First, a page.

Reproducing Super Convergence
This is an attempt to reproduce a subset of the results found in Super-Convergence: Very Fast Training of Residual Networks Using Large Learning Rates.
Super-Convergence is described as "a phenomenon... where residual networks can be trained using an order of magnitude fewer iterations than is used with standard training methods".
Figure 1A demonstrates the phenomenon below:
Cyclical Learning Rate (CLR) allows for competitive training in just 10,000 training steps.
Weaker evidence of super-convergence is demonstrated below:
Left: Test accuracy after 10,000 steps with CLR Right: Test accuracy after 80,000 steps with multistep.
In the above images:
- A Cyclical Learning Rate allows for a test accuracy of ~85% after 10,000 training steps.
- A multistep learning rate allows for a test accuracy ofr ~80% after 20,000 training steps. Progress is not made in steps 60,000 to 80,000.
- Accuracies above 90% were unable to be achieved. This may be related to the small mini-batch sizes used (125) compared to the author's (1,000).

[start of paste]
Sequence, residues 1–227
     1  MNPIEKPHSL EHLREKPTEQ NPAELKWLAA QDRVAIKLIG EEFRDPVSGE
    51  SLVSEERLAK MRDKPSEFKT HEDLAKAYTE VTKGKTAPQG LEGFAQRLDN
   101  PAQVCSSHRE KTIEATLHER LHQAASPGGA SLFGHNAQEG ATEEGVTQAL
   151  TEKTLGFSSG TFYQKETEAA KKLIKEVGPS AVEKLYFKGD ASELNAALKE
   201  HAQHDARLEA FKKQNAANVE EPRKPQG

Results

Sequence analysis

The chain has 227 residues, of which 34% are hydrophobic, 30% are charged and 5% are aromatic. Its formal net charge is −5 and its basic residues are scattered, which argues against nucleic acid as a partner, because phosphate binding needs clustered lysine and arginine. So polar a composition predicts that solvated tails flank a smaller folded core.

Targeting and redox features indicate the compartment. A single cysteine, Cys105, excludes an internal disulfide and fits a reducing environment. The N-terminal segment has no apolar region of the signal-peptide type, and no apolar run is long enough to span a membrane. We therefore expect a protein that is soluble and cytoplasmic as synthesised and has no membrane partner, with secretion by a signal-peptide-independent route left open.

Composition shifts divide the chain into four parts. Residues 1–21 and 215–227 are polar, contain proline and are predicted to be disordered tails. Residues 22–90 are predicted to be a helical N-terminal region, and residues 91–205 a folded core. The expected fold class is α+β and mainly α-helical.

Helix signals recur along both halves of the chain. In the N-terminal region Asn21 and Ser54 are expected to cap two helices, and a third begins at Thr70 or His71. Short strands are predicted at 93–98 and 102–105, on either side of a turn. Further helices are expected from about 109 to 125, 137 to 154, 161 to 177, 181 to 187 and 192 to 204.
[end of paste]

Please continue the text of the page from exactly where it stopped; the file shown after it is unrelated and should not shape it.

The Tensorflow implementation in based on the ResNet-56 architecture described in Appendix A of Super-Convergence: Very Fast Training of Residual Networks Using Large Learning Rates with the following changes:
- The 3x3 Conv Layer at the start of the network has
stride=2as mentioned in the paper.
- While training, images are flipped left-to-right with 50% probability
- All weights before ReLUs are initialized according to Delving Deep into Rectifiers. See:
- All weights before softmax are initialized according to Understanding the difficulty of training deep feedforward neural networks. See:
- Bias variables are initialized to zero.
The learning rate, train accuracy and train loss for 10,000 training steps with a cyclical learning rate are shown below:
The learning rate, train accuracy and train loss for 80,000 training steps with a multistep learning rate are shown below: